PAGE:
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Article

Social Isolation and Stress as Predictors of Productivity Perception and Remote Work Satisfaction during the COVID-19 Pandemic: The Role of Concern about the Virus in a Moderated Double Mediation

1
Department of Psychology, University of Bologna, 40126 Bologna, Italy
2
Department of Psychology and Human Capital Development, Financial University under the Government of the Russian Federation, 125993 Moscow, Russia
*
Author to whom correspondence should be addressed.
Sustainability 2020, 12(23), 9804; https://doi.org/10.3390/su12239804
Received: 6 November 2020 / Revised: 19 November 2020 / Accepted: 20 November 2020 / Published: 24 November 2020
(This article belongs to the Special Issue Working during the COVID-19 Global Pandemic)
From mid-March to the end of May 2020, millions of Italians were forced to work from home because of the lockdown provisions imposed by the Italian government to contain the COVID-19 epidemic. As a result, many employees had to suddenly switch to remote work, experiencing both troubles and opportunities. Social isolation from colleagues and the workplace represents a typical aspect of remote work which increased significantly during the social confinement imposed by the government. This study investigates the correlates of social isolation in terms of stress, perceived remote work productivity and remote work satisfaction, proposing the sequential mediation of stress and perceived remote work productivity, and the moderating role of concern about the new coronavirus. An online survey was conducted, and the responses of 265 employees showed the deleterious role of social isolation in stress, which leads to decreased perceived remote work productivity that, in turn, is related to remote work satisfaction. Furthermore, the results suggest that concern about the virus moderates the relationships between social isolation and remote work satisfaction, from one side, and remote work perceived productivity and remote work satisfaction from the other. This latter result suggests that the indirect sequential effect of social isolation on remote work satisfaction is conditional on concern about the virus. Some conclusions are drawn to support managers and HR officers in the choices to better manage employees’ work during the health emergency. View Full-Text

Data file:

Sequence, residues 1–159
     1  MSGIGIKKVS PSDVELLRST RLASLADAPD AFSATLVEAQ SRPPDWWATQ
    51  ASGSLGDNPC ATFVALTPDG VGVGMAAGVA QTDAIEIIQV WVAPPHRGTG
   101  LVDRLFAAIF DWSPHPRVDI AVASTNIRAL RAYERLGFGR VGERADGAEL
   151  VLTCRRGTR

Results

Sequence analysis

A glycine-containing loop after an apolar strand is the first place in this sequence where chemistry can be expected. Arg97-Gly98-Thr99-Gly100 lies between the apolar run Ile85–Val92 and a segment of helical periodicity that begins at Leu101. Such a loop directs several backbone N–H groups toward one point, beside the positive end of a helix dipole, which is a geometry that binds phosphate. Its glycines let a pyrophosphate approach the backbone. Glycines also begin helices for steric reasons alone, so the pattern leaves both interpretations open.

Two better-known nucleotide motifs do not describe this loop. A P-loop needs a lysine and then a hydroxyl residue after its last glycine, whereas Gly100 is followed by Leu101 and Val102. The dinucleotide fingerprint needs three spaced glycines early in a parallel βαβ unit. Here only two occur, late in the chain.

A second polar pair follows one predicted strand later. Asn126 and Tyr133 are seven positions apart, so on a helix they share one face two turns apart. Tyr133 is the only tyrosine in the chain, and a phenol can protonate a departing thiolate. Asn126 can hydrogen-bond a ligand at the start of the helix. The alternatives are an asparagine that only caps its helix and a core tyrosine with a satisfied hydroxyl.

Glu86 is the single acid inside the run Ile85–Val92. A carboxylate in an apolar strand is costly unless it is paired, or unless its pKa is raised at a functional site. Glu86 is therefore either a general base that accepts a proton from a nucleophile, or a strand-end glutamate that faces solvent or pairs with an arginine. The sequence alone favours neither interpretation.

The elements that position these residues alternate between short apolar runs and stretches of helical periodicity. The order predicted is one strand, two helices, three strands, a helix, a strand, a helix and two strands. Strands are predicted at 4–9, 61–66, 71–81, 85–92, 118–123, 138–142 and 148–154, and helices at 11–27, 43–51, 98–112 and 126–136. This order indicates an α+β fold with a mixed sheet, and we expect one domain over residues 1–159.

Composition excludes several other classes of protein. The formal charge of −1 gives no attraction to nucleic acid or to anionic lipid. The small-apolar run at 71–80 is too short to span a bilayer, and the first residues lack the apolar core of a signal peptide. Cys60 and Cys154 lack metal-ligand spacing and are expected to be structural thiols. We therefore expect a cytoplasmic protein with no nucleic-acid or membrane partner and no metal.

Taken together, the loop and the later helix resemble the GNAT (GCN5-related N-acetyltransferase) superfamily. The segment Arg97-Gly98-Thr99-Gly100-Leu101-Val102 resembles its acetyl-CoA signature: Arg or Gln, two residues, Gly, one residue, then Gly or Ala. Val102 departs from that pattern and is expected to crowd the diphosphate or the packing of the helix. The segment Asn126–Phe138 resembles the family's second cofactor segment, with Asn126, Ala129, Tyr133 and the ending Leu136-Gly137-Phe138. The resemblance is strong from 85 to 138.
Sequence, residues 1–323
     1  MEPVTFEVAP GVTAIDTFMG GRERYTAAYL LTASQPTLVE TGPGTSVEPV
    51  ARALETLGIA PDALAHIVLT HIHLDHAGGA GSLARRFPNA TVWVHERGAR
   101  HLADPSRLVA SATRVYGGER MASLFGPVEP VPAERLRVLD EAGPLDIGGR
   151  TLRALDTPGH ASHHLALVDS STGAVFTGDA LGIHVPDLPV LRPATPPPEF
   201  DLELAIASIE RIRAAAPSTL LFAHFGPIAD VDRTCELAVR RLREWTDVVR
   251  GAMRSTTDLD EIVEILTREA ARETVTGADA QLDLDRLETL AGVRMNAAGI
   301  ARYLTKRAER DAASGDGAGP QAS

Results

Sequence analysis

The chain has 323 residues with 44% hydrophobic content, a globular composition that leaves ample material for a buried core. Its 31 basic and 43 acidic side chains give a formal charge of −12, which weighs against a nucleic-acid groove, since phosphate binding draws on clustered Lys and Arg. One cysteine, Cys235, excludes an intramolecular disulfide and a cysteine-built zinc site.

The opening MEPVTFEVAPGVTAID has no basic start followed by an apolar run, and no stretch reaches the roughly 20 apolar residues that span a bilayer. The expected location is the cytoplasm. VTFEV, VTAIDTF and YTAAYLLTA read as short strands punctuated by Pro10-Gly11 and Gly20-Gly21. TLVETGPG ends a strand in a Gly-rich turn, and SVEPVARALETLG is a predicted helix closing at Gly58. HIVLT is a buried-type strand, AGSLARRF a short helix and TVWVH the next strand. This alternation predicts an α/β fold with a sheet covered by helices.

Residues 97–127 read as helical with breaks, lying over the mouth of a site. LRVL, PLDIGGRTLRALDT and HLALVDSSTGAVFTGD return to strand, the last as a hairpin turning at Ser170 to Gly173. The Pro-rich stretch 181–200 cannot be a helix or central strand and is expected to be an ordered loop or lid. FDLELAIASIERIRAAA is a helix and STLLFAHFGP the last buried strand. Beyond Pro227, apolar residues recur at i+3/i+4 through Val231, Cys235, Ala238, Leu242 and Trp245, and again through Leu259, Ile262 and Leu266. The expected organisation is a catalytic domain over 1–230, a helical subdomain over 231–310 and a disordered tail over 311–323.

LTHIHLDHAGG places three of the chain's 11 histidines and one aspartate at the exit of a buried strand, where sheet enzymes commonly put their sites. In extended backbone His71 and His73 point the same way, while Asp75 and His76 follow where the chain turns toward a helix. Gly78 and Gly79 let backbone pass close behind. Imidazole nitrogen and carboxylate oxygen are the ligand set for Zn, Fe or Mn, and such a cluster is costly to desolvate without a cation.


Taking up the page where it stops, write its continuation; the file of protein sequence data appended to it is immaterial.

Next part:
Keywords: social isolation; stress; job productivity; remote work satisfaction; concern about COVID-19 social isolation; stress; job productivity; remote work satisfaction; concern about COVID-19
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MDPI and ACS Style

Toscano, F.; Zappalà, S. Social Isolation and Stress as Predictors of Productivity Perception and Remote Work Satisfaction during the COVID-19 Pandemic: The Role of Concern about the Virus in a Moderated Double Mediation. Sustainability 2020, 12, 9804. https://doi.org/10.3390/su12239804

AMA Style

Toscano F, Zappalà S. Social Isolation and Stress as Predictors of Productivity Perception and Remote Work Satisfaction during the COVID-19 Pandemic: The Role of Concern about the Virus in a Moderated Double Mediation. Sustainability. 2020; 12(23):9804. https://doi.org/10.3390/su12239804

Chicago/Turabian Style

Toscano, Ferdinando, and Salvatore Zappalà. 2020. "Social Isolation and Stress as Predictors of Productivity Perception and Remote Work Satisfaction during the COVID-19 Pandemic: The Role of Concern about the Virus in a Moderated Double Mediation" Sustainability 12, no. 23: 9804. https://doi.org/10.3390/su12239804

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